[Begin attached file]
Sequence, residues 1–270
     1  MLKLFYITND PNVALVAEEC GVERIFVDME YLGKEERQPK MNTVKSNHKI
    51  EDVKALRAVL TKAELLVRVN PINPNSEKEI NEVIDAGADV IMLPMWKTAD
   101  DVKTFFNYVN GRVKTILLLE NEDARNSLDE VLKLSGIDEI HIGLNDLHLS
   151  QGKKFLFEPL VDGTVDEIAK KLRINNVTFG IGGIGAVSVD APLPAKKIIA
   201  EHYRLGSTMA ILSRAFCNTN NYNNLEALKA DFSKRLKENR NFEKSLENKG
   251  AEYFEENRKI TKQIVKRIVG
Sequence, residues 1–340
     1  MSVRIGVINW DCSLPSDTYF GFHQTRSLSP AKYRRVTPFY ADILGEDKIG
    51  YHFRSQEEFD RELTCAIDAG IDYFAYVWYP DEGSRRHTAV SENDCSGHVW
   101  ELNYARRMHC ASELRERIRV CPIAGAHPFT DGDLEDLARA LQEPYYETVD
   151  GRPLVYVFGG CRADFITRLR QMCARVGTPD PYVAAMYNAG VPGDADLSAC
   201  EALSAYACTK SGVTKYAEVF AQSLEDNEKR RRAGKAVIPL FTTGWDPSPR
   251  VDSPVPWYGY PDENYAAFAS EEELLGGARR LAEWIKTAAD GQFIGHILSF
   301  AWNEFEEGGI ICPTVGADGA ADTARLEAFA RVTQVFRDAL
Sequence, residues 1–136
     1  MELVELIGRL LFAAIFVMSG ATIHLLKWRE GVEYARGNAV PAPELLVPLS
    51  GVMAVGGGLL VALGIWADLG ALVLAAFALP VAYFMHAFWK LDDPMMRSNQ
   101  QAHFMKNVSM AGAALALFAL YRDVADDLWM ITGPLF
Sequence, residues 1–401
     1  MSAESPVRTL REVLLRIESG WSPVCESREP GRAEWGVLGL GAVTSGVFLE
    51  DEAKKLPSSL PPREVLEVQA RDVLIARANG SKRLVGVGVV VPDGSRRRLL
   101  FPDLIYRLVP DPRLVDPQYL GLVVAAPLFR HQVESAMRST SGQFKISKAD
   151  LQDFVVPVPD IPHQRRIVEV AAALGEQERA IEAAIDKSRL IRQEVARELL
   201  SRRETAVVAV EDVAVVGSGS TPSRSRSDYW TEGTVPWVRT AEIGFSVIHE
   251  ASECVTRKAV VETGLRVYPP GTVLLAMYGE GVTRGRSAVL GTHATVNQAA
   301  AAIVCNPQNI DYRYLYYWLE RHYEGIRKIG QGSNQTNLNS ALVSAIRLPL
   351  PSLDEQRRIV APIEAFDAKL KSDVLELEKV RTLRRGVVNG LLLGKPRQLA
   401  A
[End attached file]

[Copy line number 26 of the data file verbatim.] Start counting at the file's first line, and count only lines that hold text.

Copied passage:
   251  ASECVTRKAV VETGLRVYPP GTVLLAMYGE GVTRGRSAVL GTHATVNQAA